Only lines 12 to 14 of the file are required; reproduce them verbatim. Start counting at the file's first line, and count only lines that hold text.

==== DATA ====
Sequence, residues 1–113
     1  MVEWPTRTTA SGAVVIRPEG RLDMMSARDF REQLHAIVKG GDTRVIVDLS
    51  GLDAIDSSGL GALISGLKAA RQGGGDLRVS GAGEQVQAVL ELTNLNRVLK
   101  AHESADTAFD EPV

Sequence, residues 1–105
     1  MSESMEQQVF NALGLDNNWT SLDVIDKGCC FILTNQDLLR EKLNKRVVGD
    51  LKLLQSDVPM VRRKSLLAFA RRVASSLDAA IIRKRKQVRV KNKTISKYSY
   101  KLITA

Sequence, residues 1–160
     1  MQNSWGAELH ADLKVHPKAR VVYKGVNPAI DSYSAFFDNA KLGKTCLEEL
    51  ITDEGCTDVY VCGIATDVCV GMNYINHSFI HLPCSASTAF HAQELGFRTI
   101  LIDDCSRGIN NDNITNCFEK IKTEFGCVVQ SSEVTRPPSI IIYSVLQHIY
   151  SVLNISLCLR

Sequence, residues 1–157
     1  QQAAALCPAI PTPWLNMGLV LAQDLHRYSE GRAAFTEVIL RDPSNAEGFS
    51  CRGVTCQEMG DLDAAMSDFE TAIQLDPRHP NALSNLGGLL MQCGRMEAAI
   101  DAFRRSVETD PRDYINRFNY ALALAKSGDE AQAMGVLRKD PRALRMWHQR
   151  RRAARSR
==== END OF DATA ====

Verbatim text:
   101  LIDDCSRGIN NDNITNCFEK IKTEFGCVVQ SSEVTRPPSI IIYSVLQHIY
   151  SVLNISLCLR

Sequence, residues 1–157